Burn The Forests, Save The Planet?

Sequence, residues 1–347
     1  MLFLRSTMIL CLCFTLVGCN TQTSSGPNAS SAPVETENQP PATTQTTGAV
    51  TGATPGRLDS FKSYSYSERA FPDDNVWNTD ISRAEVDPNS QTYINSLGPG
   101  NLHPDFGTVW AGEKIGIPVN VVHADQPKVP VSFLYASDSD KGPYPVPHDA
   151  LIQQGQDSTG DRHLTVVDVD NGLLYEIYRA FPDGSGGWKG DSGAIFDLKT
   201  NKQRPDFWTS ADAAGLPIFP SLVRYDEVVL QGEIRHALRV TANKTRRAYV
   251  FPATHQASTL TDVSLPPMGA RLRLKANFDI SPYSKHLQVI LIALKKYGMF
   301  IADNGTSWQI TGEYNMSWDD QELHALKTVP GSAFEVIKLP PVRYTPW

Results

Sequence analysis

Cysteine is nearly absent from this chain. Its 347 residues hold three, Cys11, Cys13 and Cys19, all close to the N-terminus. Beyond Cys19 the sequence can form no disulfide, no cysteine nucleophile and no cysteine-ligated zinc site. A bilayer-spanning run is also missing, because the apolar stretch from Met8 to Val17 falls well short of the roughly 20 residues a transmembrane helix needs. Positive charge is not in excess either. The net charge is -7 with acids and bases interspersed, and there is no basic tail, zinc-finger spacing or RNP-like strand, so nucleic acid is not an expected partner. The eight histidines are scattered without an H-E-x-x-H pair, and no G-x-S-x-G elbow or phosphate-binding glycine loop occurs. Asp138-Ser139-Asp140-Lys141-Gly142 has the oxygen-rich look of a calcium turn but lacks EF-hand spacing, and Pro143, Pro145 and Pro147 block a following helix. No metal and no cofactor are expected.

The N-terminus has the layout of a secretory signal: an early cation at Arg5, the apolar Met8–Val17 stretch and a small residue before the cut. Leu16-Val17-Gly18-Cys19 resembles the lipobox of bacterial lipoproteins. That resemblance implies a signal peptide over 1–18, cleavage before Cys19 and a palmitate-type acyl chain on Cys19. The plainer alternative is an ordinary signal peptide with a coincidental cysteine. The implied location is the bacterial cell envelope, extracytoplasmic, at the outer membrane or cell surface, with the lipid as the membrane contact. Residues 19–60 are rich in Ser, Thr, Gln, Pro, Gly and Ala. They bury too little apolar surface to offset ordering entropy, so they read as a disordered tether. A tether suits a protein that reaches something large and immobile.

Good news for the American logging industry: Timber is back, with an assist from Europe’s anti-carbon crusade. Across the forests of East Texas and deep in the Florida swamps, trees are in rising demand as “biomass” to help utility companies in Europe meet their targets for so-called “renewable energy.” That basically includes everything except nuclear and fossil fuels—even wood pellets, made from compressed sawdust or trees run through a chipper. Last year, Europe imported more than 1.7 million tons of these pellets from America, for a market that the U.S. International Trade Commission describes as having been “virtually nonexistent” in 2000. Back then, Europeans still hoped they could meet much of their 2020 carbon-cutting and “renewable” goals with wind, solar and other more fashionable fuels. That hope proved unrealistic, even before austerity budgets started shaving subsidies from these perpetually emerging industries. In a 2003 directive, the EU put biomass on a list of fuels to subsidize and exempted it from carbon capping and taxing. Never mind that burning compressed wood—a leading source of “biomass”—usually produces less energy per kilo of CO2 than does coal. The EU’s emissions accounting follows the logic that in the long run we’re all biomass: Forests can regrow and reabsorb CO2, so their combustion is not only renewable but “carbon neutral.” European utilities generating wood-fired electricity have since 2005 been eligible for credits, which they can sell to companies overrunning their CO2 quotas. The only hitch is that land-use and conservation rules in most European countries make it either illegal or prohibitively expensive to clear-cut trees for industrial processing. Solution? Use wood from America. U.S. lumber consumption is still recovering from the housing crash. The Internet has also reduced demand for paper pulp and disrupted the economics of logging. Europe’s anti-carbon regime has reversed these trends by creating a whole new market for timber products. Europeans imported wood waste, scrap and pellets at $140 per metric ton in 2011, the Trade Commission reports, up from $52 in 2001. Producers are still ramping up capacity to meet European demand, which could easily double in the next decade if governments stay the regulatory course. Last week, Maryland-based Enviva, whose clients include German utility giant E.ON , EOAN.XE -0.15% announced that its new 500,000 metric-ton pellet plant near the Roanoke River is in full operation. Supposed conservationists in the Obama Administration have been following Europe’s lead. The Environmental Protection Agency has so far exempted biomass emissions from CO2 tallies, and since 2009 the Department of Agriculture has doled out millions in small loans and grants for wood pellets and other “advanced biofuels.” Some advance. The industrial revolution was fueled by a shift to higher-energy fuels like coal and, later, petroleum. Modern power plants and pellets mean wood can be burned more efficiently than 200 years ago, but it will still take an awful lot of forests to make this great leap backward. Remember when logging was bad for the environment? This Europe-driven wood-pellet boom is another reminder that the obsession with CO2 creates indifference to other environmental considerations. Taylor Scott International

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